The assignee of an invention can apply for a patent for a new invention. The inventor is the creator of the invention and owns the invention unless and until the inventor assigns any or all of their interest in the patent application or patent to another person or juridic entity. Assigning any or all of the interest in a patent application or patent for an invention permits the assignee to act in their own interest with respect to the patent application. 

For example, an inventor assigns a partial interest of 10% to the engineer that helped them reduce the invention to practice. As assignee, the engineer could hire a patent practitioner different than the one the inventor hires to look after their interests in the patent application. 

Important Tip: If the patent applicant for an invention is not the inventor, the full name and details of the inventor or co-inventors must be disclosed. When the inventor is not the applicant, an oath or declaration by the inventor that it is/was their invention is required. Additionally, the inventor may be needed during patent prosecution to address any objections or rejections from the USPTO examiner.

Carson Patents is able to help write, file, and prosecute a patent application at the USPTO for any person or business we can effectively communicate with who has an invention. However, we do not have an obligation to represent any invention, and we do not generally accept inventions that are similar or compete with any of the inventions we currently represent.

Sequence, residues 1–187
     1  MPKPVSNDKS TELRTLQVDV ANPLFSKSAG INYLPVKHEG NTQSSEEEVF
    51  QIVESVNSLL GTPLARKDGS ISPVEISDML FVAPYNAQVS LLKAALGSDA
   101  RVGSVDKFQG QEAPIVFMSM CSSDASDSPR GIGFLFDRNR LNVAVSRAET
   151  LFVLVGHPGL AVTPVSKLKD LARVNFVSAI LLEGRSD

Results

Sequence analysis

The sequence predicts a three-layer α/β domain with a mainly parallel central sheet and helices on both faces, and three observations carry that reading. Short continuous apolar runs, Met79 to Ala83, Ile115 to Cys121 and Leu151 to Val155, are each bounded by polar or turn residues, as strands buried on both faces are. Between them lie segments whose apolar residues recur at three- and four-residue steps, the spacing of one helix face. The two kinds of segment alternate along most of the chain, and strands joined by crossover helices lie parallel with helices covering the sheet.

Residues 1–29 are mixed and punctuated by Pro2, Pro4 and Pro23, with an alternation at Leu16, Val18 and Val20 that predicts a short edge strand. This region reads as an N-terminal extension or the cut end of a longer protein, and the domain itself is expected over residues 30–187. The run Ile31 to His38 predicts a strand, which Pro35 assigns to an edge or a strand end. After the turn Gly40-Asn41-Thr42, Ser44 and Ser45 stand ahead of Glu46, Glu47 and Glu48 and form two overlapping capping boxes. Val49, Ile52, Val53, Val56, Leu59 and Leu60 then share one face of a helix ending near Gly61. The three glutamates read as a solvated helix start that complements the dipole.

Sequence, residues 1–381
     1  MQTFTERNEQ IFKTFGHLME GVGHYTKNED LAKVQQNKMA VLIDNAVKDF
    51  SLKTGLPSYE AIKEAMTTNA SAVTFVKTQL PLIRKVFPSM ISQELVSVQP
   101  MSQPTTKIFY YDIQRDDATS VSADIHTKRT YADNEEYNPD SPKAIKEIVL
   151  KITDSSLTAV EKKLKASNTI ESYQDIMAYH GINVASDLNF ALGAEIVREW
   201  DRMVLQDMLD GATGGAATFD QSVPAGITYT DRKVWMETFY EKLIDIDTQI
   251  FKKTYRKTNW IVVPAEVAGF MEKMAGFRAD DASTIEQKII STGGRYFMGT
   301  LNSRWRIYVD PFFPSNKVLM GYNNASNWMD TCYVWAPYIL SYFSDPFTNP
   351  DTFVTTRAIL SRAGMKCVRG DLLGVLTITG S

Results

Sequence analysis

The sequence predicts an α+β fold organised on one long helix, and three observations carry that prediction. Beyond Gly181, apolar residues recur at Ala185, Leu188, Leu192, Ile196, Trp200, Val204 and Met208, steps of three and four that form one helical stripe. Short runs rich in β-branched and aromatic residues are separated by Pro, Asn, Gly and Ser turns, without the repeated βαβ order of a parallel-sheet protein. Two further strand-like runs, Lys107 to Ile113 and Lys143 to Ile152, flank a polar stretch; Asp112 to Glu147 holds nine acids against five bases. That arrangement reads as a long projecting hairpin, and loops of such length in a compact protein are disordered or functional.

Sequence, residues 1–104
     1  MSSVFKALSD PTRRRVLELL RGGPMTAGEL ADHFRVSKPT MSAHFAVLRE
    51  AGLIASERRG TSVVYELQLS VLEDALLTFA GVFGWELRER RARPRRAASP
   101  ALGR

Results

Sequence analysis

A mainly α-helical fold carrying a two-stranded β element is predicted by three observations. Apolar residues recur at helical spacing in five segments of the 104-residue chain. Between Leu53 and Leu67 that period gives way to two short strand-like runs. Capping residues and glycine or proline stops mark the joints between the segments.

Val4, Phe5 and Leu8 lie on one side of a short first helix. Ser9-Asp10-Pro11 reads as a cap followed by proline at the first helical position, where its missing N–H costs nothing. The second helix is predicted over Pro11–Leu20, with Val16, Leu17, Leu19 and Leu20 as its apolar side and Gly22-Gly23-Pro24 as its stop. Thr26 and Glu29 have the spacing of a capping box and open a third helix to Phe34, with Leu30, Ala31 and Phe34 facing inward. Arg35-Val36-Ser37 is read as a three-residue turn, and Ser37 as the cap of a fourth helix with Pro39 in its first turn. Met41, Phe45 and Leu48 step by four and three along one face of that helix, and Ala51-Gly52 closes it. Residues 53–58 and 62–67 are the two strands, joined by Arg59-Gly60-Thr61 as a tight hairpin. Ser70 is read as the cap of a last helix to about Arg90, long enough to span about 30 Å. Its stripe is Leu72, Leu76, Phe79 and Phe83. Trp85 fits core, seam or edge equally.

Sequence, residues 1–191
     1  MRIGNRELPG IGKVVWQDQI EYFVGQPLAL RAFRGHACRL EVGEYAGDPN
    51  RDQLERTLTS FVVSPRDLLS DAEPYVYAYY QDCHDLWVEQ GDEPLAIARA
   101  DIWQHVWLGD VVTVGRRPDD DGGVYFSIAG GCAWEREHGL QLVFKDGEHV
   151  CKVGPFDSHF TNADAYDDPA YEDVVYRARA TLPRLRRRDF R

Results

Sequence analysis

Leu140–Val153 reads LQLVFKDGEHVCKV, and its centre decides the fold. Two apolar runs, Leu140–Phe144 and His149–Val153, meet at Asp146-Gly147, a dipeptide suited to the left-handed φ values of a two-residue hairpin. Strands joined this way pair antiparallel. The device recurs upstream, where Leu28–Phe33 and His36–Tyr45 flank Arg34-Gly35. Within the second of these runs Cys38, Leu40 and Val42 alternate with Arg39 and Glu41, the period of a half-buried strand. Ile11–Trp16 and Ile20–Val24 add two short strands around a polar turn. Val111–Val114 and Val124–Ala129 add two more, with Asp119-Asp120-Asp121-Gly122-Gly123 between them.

Who Should be the Party to File a Patent Application?

We believe that the inventor or co-inventors should be the patent applicant unless there is an obligation to assign the invention. The inventor, in our opinion, should be the applicant when filing a patent application to keep control. By default, the inventor owns the invention and any patents that issue from their patent applications. The inventor remains in control as patent applicant. We recommend the inventor remain the patent applicant if at all possible. We recommend this practice so as to not dilute inventor ownership of any patent that may issue from a patent application, and because then we get to work directly with the inventors.

The inventor or co-inventors own the invention unless there is an obligation to assign or unless they assign their interest in the patent application to another person or business. If the inventor or co-inventors are under an obligation to assign the invention to their employer or to another under a development agreement, the employer or partners own the invention and its patent application. Provided the inventor does not have an obligation to assign an invention to their employer or other business entity, the inventor or co-inventors own all of the interest in the patent application and any patent that may issue from the patent application. 

Important Tip: It does not generally matter who pays for patent application services or patent application fees. The inventor remains the owner whether a business, partnership, or other person pays for the services or fees needed to seek patent protection.